There are many ways to test for H. pylori infection, invasive tests and noninvasive tests. The most effective noninvasive test is called the urease breath test. Urea is a waste product humans make and excrete in the urine. Humans cannot digest or metabolize urea. H. pylori bacteria metabolize and use urea. Many of the tests for H. pylori are based on urea metabolism. In a urease breath test, you drink a small amount of very mildly radioactive urea, and then in a few minutes your breath is collected in a bag and analyzed. Normally, you breathe in oxygen and breathe out carbon dioxide. If radioactive carbon dioxide is present in the bag, then H. pylori is present and has digested the radioactive urea. This test is useful because it detects active infection.
There are also blood tests for H. pylori. Blood tests detect the presence of H. pylori antibodies in the blood. An antibody is a protein your body produces when you are exposed to a foreign substance, such as an infection. The problem with this test is when you've had a prior H. pylori infection that is gone, the test remains positive. Stool tests are also available to check for H. pylori.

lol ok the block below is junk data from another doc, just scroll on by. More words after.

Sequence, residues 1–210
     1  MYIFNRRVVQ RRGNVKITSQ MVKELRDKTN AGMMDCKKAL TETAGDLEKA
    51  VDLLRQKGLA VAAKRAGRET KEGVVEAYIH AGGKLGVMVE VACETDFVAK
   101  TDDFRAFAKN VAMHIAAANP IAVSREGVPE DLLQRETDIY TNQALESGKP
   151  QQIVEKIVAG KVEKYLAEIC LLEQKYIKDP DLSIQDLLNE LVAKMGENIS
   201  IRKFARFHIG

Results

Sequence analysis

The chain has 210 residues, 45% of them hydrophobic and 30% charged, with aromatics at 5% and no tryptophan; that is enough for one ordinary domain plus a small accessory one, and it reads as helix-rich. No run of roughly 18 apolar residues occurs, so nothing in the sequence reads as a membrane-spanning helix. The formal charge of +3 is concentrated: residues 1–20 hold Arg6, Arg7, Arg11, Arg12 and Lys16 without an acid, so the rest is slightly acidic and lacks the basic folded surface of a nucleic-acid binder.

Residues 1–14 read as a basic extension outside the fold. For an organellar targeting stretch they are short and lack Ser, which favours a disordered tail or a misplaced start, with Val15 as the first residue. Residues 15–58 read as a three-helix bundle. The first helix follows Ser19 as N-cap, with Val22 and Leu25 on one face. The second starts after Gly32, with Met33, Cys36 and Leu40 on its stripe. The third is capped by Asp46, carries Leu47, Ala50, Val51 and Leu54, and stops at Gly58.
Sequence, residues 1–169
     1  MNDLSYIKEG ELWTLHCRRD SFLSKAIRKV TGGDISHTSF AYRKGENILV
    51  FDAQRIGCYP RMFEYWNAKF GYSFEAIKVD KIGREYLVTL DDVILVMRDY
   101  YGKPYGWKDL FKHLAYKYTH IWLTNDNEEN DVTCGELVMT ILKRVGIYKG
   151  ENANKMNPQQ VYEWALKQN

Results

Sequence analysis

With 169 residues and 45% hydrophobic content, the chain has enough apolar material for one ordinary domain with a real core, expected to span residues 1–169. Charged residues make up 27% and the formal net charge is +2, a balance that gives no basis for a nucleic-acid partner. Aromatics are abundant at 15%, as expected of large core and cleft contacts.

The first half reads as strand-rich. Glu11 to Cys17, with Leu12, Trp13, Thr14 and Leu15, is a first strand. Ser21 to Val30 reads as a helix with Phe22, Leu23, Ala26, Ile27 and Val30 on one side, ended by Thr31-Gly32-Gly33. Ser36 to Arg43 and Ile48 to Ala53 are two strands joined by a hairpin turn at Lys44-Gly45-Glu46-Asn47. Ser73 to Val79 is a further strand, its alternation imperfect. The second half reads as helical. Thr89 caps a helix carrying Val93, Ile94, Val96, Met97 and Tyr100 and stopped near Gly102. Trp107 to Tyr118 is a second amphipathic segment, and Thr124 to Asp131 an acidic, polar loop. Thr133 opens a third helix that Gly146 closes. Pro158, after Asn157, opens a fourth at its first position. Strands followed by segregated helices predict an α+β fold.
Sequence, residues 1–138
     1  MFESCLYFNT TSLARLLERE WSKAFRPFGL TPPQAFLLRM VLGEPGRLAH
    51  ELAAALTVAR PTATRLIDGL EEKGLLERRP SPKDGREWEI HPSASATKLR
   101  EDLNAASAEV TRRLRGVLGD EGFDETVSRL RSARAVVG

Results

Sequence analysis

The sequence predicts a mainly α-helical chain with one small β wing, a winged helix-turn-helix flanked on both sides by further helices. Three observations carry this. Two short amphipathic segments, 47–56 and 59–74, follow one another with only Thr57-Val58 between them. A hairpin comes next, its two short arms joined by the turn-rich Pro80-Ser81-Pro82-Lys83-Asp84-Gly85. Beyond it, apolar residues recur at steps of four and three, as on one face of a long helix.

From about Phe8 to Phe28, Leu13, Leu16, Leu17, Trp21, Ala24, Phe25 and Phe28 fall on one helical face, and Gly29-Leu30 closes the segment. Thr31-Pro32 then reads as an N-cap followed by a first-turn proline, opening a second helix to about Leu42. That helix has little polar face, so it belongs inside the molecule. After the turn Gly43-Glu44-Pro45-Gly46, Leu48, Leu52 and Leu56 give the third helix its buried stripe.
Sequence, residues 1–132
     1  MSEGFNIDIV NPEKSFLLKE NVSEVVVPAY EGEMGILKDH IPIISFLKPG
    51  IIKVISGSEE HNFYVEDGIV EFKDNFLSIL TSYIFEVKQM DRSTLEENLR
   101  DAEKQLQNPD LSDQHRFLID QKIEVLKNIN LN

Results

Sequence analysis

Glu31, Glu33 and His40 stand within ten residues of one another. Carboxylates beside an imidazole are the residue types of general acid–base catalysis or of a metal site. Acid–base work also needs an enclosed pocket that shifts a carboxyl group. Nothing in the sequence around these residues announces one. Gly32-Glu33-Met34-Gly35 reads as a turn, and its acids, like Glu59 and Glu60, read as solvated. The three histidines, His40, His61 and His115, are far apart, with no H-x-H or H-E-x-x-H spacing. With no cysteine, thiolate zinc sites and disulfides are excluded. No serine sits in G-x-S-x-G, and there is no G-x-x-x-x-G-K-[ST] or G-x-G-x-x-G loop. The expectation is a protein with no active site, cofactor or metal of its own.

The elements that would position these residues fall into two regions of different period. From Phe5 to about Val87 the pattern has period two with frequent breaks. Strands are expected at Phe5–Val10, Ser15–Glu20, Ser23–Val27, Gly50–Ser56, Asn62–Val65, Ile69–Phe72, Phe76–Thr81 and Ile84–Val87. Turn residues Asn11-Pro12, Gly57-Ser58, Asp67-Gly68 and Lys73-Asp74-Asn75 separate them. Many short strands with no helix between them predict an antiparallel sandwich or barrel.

Invasive tests are done at the time of an endoscopy. The stomach can be biopsied and checked for H. pylori infection. The tissue can be stained with special chemicals and examined under the microscope by a pathologist to look for the actual bacteria. Or a CLO test can be done, which is when a stomach biopsy is done and the tissue is placed in a tiny well containing a gel with urea in it. If H. pylori bacteria are present, they will metabolize the urea and the well will change color. These tests are very useful because they diagnose an active infection and not a previous one.
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